The idea of advertising a product is to finally get people – the consumers – to buy it. But not every ad is successful at doing this. Perhaps many have failed, too.
Every day, we all are bombarded with so many advertisements – whether we are at home watching TV, going to work, reading newspapers, browsing our Facebook page, etc. But so many ads fail to get our attention even from the first time they appear to us. We don’t feel engaged, but bored and never want to see it again, let alone proceed to buying.
In fact, Demetrios Vakratsas and Tim Ambler explain in their work on “How advertising works: what do we really know?” that the mind of consumers isn’t a blank paper awaiting advertising. Their mind already contains “conscious and unconscious memories” of product purchasing and usage.
Our responses to advertising, they argue, are mediated by two factors: motivation and ability to process information, and attitudes toward the ad.
But what if the ad fails from the first time it appears to potential consumers? No purchasing. Simple.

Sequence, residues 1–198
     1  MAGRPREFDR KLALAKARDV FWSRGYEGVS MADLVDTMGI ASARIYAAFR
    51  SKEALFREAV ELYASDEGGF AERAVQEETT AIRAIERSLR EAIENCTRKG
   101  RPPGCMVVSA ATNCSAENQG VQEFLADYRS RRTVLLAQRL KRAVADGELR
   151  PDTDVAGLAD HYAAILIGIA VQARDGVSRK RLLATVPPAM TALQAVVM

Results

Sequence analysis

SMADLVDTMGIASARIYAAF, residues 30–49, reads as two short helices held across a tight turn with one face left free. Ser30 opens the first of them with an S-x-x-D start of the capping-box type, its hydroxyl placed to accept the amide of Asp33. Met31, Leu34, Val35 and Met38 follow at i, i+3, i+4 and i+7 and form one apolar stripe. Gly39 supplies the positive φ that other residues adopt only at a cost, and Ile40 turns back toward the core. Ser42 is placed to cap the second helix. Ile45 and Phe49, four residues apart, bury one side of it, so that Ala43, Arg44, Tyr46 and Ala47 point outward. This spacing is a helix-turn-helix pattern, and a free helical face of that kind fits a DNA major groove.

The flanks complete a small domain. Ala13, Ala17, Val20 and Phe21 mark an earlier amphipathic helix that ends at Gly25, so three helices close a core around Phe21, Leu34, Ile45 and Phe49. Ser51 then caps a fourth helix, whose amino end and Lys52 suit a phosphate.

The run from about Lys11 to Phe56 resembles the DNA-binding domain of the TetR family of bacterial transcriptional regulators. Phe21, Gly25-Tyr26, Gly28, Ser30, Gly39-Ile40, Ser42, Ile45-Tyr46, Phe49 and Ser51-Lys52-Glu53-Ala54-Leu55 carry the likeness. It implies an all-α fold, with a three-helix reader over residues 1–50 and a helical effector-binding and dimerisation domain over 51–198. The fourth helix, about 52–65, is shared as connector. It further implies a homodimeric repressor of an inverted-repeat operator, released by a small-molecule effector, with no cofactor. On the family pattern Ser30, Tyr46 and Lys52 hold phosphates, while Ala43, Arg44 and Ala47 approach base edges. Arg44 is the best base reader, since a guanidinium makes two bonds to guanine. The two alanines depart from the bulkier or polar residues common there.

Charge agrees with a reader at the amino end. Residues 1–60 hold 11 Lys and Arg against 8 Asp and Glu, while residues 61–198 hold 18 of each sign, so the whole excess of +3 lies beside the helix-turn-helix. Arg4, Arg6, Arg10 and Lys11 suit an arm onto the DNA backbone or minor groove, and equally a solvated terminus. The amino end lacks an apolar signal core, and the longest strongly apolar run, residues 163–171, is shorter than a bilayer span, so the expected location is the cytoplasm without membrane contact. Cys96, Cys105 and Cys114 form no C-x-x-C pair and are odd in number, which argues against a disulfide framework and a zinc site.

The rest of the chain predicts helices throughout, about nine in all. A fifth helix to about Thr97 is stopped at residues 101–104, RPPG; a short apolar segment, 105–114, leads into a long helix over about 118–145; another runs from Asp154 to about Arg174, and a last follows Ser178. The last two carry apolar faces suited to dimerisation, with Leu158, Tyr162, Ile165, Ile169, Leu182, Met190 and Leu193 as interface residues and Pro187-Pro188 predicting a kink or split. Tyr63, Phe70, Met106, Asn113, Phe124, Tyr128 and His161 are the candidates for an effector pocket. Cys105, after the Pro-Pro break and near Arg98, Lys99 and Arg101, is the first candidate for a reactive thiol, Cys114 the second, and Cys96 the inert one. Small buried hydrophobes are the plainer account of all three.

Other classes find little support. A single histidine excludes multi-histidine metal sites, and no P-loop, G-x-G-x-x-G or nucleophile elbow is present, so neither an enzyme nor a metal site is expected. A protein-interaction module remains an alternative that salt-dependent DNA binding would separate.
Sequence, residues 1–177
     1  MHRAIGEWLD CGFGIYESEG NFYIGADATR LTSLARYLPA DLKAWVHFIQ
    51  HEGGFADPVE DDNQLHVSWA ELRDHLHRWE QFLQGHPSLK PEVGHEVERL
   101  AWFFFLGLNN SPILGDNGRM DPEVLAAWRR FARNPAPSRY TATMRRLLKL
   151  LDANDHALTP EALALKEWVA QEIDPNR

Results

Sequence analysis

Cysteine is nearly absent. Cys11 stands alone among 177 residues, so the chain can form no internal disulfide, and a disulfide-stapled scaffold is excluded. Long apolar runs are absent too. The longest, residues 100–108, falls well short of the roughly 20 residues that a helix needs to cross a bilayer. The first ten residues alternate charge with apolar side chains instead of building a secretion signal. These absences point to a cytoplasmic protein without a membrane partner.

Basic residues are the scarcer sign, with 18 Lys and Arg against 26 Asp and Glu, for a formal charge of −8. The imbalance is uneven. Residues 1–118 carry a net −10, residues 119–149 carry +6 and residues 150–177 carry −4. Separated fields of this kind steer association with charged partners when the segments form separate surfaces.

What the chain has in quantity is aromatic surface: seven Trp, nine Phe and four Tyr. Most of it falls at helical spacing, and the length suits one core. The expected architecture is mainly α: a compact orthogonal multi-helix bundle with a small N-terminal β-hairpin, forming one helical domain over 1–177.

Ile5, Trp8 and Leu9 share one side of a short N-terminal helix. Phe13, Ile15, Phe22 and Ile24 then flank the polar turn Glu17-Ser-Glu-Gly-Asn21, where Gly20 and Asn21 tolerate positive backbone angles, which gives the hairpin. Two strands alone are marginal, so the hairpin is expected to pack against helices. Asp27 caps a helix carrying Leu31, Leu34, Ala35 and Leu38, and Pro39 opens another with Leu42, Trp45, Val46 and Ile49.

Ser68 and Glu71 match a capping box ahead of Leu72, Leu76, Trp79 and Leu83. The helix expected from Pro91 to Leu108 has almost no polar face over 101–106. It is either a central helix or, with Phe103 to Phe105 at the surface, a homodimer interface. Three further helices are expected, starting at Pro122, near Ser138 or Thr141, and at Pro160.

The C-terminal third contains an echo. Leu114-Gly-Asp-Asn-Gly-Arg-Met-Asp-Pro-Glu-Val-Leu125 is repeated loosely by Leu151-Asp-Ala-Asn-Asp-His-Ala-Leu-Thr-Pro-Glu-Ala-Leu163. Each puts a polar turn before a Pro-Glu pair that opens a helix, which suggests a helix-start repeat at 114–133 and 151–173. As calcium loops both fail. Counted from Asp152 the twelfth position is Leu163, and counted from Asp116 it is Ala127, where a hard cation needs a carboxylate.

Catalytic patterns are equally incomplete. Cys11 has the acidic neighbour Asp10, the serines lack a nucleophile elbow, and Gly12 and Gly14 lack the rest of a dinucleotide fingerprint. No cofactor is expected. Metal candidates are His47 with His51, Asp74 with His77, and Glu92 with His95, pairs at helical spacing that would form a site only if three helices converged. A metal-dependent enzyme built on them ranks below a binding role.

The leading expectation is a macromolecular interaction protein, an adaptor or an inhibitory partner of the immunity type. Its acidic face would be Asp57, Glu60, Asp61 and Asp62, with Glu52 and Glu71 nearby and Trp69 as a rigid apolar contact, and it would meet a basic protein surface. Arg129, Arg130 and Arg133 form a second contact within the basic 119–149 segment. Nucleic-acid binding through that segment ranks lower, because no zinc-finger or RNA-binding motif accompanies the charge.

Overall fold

Then, how can we seize their attention, their first impression of the product?
The concept of “leaving something to the imagination” perhaps appears to have some answer to that question. It’s one that was introduced by author Pete Barry in his book “The advertising concept book” (pp. 25-27).
Barry says one of the most important tools of all would be “imagination”. It’s important to leave some gap for the consumers to fill in so that they are engaged.
Take for example, this FedEx adverting campaign.
(Image: Neighbors Fedex advertising Campaign)
It’s very simple. Perhaps, it’s what makes it impressive and engaging. It doesn’t need words to explain but the handling activity, especially the image of maps and buildings, gives the context to it.
However, Barry warns one shouldn’t try to make it too hard for the consumers to fill in the gap. They don’t have the time.
Then, it’s vital we know how to strike the balance well. And that is the question worth exploring next.